Photo by Allison Girone.
Belief in the Eucharist, part II.
In part one of this article, I introduced readers to “Fr. John,” a local priest at a Novus Ordo parish and his good efforts to introduce traditional piety to animate faith in the Real Presence.
Many traditional Catholics do not think it matters what changes occur; if it is a Novus Ordo Mass it must go. To them, a return to the Latin Mass is the only satisfactory remedy to the current crisis of disbelief in the Real Prescence. I would argue that even small steps toward more reverence and acceptance of traditional customs in Catholic worship are laudable. Traditional Catholics should encourage these changes and pray fervently for the USCCB’s current “Eucharistic Revival” initiative and for clergymen like Fr. John.
Yet, we have an even bigger part than that in rebuilding a Eucharist culture. Traditional Catholics often talk like they think the Latin Mass itself is the antidote to problems of disbelief. Yet, attending Mass is not enough to build deep understanding and faith in the Eucharist. Sadly, I know several educated, traditional parents whose children have left the Faith. I have also heard stories about children in my traditional parish’s CCD classes who came to their first Holy Communion worried the Host will be “disgusting” and taste like flesh.
Deep love for the Eucharist must be grown in the family. Parents, godparents, and grandparents should embrace Our Lady of Good Help’s call to “teach the children what they should know for salvation.” Children are more likely to stay in the Faith when they experience it as a set of rituals that work as part of an intimate relationship with a Person, Jesus Christ. They learn that relationship through other relationships, most importantly the parent-child relationship.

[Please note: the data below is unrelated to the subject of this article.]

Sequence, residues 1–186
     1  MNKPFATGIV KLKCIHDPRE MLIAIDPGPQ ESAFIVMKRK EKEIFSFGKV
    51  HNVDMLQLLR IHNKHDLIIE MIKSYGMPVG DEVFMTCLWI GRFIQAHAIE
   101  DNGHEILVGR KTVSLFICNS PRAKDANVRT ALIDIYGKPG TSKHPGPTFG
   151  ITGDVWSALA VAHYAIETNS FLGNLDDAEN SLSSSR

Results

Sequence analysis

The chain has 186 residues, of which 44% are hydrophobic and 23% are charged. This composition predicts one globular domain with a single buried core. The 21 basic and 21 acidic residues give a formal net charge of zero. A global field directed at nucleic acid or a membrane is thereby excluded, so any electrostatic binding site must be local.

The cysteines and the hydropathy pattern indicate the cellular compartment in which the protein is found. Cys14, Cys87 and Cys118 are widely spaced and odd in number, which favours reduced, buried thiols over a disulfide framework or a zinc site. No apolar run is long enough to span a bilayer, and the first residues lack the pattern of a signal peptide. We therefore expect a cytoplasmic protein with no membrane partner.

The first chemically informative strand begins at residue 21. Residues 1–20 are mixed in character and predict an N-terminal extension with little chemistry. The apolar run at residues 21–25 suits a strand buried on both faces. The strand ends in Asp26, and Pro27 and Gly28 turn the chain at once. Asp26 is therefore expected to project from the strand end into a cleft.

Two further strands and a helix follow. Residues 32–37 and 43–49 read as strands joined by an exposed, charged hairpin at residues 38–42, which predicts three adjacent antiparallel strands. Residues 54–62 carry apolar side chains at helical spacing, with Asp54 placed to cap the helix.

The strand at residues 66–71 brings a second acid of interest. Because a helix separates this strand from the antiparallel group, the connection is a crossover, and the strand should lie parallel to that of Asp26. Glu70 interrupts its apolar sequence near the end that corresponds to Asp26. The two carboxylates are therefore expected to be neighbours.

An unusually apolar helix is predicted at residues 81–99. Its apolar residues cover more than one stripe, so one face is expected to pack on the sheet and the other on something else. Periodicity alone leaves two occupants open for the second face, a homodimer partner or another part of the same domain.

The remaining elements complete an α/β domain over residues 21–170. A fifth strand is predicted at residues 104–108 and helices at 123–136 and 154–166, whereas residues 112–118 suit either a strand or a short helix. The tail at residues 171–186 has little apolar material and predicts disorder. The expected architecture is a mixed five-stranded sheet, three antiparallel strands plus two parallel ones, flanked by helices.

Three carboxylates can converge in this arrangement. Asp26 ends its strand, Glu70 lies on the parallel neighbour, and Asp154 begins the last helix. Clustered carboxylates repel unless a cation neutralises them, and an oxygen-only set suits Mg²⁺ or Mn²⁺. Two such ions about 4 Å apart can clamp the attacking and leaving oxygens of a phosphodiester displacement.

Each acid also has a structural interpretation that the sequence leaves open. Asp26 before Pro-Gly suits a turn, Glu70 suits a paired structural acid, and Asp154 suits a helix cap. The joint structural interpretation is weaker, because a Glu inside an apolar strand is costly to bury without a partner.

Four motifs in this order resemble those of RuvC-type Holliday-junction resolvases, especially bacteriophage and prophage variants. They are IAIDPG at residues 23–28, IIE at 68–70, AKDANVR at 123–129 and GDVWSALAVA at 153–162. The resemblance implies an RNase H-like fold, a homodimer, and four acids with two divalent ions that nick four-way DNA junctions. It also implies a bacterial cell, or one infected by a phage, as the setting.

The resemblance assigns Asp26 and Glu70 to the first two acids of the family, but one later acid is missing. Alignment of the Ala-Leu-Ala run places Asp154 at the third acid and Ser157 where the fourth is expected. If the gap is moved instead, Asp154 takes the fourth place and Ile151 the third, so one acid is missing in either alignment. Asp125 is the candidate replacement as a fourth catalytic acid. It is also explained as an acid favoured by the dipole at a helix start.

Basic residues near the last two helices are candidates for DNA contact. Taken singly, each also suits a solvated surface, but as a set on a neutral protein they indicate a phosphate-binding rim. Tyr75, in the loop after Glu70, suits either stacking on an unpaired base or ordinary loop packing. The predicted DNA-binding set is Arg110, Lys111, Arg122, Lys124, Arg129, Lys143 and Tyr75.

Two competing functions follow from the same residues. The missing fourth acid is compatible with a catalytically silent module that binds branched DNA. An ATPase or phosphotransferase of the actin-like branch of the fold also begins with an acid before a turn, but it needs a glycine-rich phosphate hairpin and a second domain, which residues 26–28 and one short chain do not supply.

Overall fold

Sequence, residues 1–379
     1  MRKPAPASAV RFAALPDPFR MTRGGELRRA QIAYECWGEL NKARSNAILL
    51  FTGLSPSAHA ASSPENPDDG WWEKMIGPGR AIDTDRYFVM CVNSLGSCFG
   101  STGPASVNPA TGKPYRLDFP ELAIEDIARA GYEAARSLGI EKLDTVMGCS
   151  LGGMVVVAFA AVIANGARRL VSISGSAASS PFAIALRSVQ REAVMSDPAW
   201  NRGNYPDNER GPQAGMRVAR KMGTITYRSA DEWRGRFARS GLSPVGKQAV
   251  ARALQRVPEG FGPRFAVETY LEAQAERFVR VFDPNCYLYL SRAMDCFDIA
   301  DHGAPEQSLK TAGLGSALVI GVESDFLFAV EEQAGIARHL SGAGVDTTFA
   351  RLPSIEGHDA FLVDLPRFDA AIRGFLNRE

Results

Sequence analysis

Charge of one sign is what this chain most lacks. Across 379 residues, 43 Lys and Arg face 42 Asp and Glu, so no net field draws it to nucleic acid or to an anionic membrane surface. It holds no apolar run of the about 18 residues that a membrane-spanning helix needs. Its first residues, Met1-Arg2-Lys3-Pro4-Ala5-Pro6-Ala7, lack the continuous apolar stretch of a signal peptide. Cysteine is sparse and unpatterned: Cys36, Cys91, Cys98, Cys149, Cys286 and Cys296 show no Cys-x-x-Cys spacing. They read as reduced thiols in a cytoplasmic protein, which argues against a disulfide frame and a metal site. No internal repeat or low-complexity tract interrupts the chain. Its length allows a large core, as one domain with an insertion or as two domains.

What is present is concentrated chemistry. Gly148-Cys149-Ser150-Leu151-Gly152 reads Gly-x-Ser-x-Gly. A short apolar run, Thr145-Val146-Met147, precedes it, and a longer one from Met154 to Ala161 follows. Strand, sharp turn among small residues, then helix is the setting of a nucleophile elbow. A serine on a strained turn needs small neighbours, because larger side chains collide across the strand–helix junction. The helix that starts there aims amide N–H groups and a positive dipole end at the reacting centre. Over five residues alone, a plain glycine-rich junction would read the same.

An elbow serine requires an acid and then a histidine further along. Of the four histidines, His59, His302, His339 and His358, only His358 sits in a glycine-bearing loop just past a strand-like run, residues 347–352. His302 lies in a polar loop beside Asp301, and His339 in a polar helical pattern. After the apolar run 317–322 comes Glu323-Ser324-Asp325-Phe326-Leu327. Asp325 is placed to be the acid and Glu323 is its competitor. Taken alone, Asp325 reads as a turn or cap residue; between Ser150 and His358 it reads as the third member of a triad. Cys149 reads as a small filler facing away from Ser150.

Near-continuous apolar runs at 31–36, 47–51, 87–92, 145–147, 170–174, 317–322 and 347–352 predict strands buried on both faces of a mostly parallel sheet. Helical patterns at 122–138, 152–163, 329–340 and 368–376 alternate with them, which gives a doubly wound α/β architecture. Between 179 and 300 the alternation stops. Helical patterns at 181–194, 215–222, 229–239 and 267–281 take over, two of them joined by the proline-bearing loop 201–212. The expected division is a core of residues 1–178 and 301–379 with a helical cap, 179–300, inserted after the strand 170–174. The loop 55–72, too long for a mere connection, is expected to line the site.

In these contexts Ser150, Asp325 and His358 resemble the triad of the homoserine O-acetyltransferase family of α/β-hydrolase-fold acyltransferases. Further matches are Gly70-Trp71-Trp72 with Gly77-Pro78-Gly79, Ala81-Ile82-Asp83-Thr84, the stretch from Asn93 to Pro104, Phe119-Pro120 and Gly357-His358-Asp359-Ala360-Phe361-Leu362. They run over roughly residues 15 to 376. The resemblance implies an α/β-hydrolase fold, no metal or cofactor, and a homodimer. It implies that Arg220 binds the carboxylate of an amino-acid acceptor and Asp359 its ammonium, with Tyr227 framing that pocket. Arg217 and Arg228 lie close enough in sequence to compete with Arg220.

There is only so much a child can learn from Mass attendance. (This applies equally to converts attracted to the Church by the TLM.) Attending the Mass does not answer a child’s questions about why the re-presentation of the sacrifice of Christ is necessary or how this miracle takes place. Being taught the answers to these questions can help protect a child from feeling doubt about the Real Presence, especially in the face of questions from non-Catholics. Additionally, simply attending the Mass is not enough by itself to teach our children the interior disposition with which one should approach the Eucharist. By this, I mean the definition and types of sin, danger of receiving in a state of sin, what a sacrifice is, or how to offer oneself to God at Mass. Lastly, Mass attendance does not inculcate the habits of daily life that are necessary as preparation for the Eucharist, such as examinations of conscience or daily acts of contrition.